Collaborative research funded by the German Research Foundation
Inflammation is the key response strategy of the body to react to tissue stress and damage. The activation of the immune system related with inflammatory reaction need strict controls. In this context particular importance is attached to the molecular checkpoints, which are responsible to stop inflammatory reaction in time and finally for its resolution. In fact, there is still very limited knowledge on the mechanisms of resolution, however they are of central relevance for pathogenesis and therapy of inflammatory chronic diseases.
The collaborative research center (SFB 1181) initiative is a joint project of the faculties of medicine and natural science of the FAU and the Max Planck Institute for the Sciences of Light. Among 19 scientific projects serves to unravel the molecular checkpoints, which decide about resolutions respectively chronicity, are classical and innovative instruments for gender equality, state-of-the art training programs and networking integrated in this program.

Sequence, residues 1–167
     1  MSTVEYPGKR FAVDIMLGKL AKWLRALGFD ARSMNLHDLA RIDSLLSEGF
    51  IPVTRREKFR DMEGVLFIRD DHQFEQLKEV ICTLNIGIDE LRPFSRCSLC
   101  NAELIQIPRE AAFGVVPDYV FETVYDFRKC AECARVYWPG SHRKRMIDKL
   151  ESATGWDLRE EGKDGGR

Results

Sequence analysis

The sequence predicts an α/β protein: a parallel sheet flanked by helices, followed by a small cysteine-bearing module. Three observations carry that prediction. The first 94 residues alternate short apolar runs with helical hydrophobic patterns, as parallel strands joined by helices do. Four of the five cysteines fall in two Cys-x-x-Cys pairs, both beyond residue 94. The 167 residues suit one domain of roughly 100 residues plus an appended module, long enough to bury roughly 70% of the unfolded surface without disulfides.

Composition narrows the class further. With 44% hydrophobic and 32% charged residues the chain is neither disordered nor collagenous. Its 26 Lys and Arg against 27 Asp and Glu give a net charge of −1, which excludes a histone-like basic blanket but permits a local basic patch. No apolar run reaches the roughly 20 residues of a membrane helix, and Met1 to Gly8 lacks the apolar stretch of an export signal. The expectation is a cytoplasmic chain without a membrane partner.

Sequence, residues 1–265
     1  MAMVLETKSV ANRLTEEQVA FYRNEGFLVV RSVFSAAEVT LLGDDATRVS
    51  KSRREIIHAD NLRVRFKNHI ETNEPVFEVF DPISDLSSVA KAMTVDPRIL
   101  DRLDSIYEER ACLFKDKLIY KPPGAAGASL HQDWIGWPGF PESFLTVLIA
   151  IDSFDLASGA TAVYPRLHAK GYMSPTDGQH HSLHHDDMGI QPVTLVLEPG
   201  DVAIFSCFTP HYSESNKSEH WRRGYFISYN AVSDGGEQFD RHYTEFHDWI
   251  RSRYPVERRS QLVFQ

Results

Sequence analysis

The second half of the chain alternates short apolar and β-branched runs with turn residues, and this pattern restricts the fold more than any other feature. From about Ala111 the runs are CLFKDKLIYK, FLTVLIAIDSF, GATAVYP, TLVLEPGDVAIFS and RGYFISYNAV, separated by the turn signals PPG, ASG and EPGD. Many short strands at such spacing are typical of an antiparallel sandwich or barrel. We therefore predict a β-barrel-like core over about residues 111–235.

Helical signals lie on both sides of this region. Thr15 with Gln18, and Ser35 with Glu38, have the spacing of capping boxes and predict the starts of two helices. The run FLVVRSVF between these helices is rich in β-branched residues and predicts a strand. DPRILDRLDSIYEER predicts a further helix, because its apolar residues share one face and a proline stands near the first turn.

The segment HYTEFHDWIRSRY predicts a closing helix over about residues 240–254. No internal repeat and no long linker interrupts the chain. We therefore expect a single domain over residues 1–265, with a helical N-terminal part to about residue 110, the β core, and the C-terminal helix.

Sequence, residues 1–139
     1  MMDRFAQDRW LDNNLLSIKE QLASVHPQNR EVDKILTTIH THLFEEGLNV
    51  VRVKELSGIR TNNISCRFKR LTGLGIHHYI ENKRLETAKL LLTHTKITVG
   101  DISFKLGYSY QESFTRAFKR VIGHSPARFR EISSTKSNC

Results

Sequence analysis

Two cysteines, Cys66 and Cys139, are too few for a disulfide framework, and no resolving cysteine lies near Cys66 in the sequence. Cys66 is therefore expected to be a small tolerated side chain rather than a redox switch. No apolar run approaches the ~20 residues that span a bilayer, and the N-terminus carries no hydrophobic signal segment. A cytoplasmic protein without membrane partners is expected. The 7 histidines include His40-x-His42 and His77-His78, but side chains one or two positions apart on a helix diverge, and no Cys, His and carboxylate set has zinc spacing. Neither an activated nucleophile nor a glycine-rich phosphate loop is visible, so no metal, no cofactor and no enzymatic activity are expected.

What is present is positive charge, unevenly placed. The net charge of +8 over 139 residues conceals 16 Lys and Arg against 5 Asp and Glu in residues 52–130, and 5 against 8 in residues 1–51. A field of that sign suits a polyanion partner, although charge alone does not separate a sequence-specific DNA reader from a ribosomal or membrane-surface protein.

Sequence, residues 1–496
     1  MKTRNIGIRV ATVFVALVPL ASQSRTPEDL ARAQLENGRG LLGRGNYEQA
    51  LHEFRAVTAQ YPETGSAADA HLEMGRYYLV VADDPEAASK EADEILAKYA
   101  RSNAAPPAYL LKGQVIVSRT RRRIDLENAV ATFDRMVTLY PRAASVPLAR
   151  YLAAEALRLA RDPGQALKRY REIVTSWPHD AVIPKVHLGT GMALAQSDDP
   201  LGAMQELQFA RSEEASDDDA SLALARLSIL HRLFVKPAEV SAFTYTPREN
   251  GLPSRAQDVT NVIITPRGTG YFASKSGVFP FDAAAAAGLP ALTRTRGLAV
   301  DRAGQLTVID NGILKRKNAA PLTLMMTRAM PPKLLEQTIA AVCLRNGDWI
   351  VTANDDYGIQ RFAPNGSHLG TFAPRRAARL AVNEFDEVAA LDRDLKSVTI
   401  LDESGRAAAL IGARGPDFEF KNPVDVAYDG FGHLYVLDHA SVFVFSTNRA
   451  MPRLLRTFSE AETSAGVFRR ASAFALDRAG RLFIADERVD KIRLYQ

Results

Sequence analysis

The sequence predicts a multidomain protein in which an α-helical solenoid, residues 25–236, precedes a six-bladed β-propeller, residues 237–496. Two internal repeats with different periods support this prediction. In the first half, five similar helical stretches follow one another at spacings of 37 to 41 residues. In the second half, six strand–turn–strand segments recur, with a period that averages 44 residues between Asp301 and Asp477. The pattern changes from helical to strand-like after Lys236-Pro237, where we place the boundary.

Contact within the Faculty: Prof. Dr. G. Schett, Department of Medicine 3
B cells are an important part of the human immune system. If pathogens invade the body, antibodies are secreted by these types of cells that fight the pathogens. The scientists of the Transregional Collaborative Research Center examine the mechanisms how B cells produce antibodies and secrete them. The aims of the scientists are how immune responses are triggered, how a B cell memory is formed, and how long-lasting levels of antibodies are maintained. A second aim of the consortium (TRR 130) is to analyze dysfunctions of the immune system which can lead to a process of autoantibodies attacking the own body. These reactions can result in autoimmune diseases such as rheumatoid arthritis, systemic lupus erythematosus, or multiple sclerosis. The planned research is aimed to understand the mechanisms of these diseases and to develop new therapies. Participating institutions are: FAU (speaker university), Freiburg University, Charité Berlin, Deutsches Rheuma-Forschungszentrum Berlin, Max Planck Institute for Infectious Biology, Berlin, and Göttingen University.